Inside EuRuKo 2017: Ruby talks & more

Yopeso Ruby Team @EuRuKo 2017
Yopeso Ruby Team @EuRuKo 2017

This year, the YOPESO Ruby department attended EuRuKo – the annual European Ruby Conference, held in Budapest. We highlighted the best moments and shared with you our thoughts on it.

Shortly about Ruby Conference

Ruby is famous for its amazing community and it is easy to see why. With close to 700 attendees from all over the world and presentations on diverse and interesting subjects (both technical and non-technical), this year’s conference was an incredible experience.

The 3×3 Goal, JRuby and GraphQL or the changes that we are facing.

The conference was kicked off with a talk by Yukihiro “Matz” Matsumoto, the creator of the Ruby language. Matz seemed a bit concerned with how well the community will adopt new versions of the language yet he also presented an exciting possibility: the MJIT project developed by Vladimir Makarov. It could be used for just in time compilation in Ruby and could bring the language closer to the 3×3 goal. Heard of it? Matz has the ambition of having Ruby 3.0 three times faster than Ruby 2.0. And while that is being developed, we are delighted to try the new updates.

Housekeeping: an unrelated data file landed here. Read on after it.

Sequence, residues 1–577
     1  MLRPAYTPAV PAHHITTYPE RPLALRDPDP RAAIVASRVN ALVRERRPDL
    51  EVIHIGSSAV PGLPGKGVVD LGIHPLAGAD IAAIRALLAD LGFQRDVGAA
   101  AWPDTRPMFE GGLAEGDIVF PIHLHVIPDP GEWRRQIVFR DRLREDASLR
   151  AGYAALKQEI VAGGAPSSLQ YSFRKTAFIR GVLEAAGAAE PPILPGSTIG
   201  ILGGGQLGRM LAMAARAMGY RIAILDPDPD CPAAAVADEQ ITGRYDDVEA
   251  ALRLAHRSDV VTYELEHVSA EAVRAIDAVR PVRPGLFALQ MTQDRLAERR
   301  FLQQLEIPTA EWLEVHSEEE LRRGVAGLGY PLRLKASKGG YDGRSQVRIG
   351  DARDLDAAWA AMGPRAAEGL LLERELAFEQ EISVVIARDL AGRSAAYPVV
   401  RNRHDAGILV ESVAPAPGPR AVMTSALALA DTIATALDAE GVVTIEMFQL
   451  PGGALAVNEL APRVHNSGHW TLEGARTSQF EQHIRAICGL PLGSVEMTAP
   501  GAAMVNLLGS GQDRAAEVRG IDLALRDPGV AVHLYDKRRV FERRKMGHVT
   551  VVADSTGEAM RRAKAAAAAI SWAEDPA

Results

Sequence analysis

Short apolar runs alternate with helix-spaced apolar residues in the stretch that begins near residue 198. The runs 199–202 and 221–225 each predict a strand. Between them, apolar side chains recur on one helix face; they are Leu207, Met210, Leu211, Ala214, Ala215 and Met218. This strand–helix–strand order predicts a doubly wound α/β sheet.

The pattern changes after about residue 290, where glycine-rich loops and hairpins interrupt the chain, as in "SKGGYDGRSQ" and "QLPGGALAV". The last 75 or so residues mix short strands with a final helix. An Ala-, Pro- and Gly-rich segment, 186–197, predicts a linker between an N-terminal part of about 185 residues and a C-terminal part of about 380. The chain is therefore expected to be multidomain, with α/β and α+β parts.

One of the updates is on JRuby presented by Charles Nutter. Good news! We are closer to having solutions to all issues with running Rails 5. JRuby is an implementation of Ruby on the Java Virtual Machine. As YOPESO is ”home” to many Java developers, we are always happy to see these two worlds integrate in harmony.

We are excited about the possibilities of GraphQL and we’re dying to use it in a project, so it was nice to see the positive results reported by Netto Farah. Erik Sasha Romijn delivered a highly relevant message about empathy and the importance of codes of conduct. And let’s not forget about exploring Machine Learning and how Arafat Khan brought TensorFlow in the Ruby ecosystem.

Future directions and more on how Ruby evolves.

The closing talk by Bozhidar Batsov, addressed several issues present in the language and expressed some concerns with future directions. The sarcastic tone coupled with relevant examples made the closure entertaining yet not oblivious to the message. That made us think on how we contribute and engage in Ruby evolution. Though we are pretty sure that as community, we are already a breeding ground for future updates.

See you next year in Vienna to catch up on new features!

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